I am back from a bittersweet trip to the midwest. It was filled with a wedding, 2 high school graduations and many reminders of the family and friends I still have there. I came back with very few photos that would interest you – most of them are of people you don’t know so I thought I would post this picture of a small crested cactus that I spotted while walking along the canals of Venice, CA. I first posted about crested cacti awhile ago so you can imagine my delight when I happened across this one.
Sometimes you can find the best things when you aren’t looking for them. I’m pretty sure that’s a lesson in Zen I just wrote. 🙂
Spring in the desert is always an amazing time of year. My backyard this year has been the host of several Say’s Phoebes. I think they were originally looking to nest in the light fixture of the fan on my patio. I can hear their distinctive calls all day long.
Out at Magpie’s the other day I feasted on the spring bounty that was happening in her yard and practiced some iPhonography.
A cactus bloom.
Today is rare cloudy day in the desert. We even had a bit of rain this morning. I am trying to remember to enjoy each and every moment because it is a gift, and once it’s gone is gone forever.
OK, back to the beach…..
Here we see a cactus, a tree and some mistletoe fighting for a small spot of desert land. Contrary to popular belief, mistletoe is actually a parasitic plant and can kill trees that are heavily infested with it.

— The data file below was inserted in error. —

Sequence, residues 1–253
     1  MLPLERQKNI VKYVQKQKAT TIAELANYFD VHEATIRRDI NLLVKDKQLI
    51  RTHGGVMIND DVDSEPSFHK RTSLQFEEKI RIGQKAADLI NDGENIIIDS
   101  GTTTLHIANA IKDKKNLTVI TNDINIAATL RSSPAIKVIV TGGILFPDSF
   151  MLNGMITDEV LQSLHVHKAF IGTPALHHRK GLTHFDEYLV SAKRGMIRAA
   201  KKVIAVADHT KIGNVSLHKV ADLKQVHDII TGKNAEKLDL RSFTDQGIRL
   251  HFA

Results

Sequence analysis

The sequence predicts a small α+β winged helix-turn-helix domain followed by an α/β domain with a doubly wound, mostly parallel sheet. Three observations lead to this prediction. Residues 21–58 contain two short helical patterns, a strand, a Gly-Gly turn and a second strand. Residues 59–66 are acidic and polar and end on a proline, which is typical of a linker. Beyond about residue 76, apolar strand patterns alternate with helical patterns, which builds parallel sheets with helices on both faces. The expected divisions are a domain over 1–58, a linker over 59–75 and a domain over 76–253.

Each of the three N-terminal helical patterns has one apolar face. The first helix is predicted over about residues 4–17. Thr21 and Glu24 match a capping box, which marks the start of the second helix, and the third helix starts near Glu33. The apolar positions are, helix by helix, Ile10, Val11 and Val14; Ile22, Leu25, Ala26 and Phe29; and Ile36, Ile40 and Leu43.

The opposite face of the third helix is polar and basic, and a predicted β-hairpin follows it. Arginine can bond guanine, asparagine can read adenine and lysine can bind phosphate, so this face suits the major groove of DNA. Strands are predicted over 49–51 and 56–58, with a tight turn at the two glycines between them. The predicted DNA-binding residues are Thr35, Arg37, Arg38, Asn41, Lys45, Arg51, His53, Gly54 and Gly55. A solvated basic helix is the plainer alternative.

Wikipedia only has this to say about the custom of kissing under the mistletoe:
According to ancient Christmas custom, a man and a woman who meet under a hanging of mistletoe were obliged to kiss. The custom may be of Scandinavian origin. It was described in 1820 by American author Washington Irving in his “The Sketch Book of Geoffrey Crayon”:
- “The mistletoe is still hung up in farm-houses and kitchens at Christmas, and the young men have the privilege of kissing the girls under it, plucking each time a berry from the bush. When the berries are all plucked the privilege ceases.”
Magpie said something today that reminded me of a picture I had taken a few months back and had mentally filed away for posting when the temperatures rose above
Of course I had to bust the lock on that mental file cabinet in order to pry it out, but here it is. The poor cactus is so cold it’s turning purple!
The tall, columnar shape of the saguaro cactus is familiar to any desert traveler. But very rarely (about only one plant in 10,000), a saguaro will grow with a fan-shaped crest of uncontrolled growth at the tip. These oddities of the plant kingdom are known as cristate (or crested) saguaros. The deformity also occurs in other species of cactus, such as the organ pipe and barrel cactus. Science has not yet fully explained why this mutation occurs; perhaps it is caused by frost damage, although many other explanations have been offered.
If you ever happen upon one of these, remember that you are seeing something rare and special.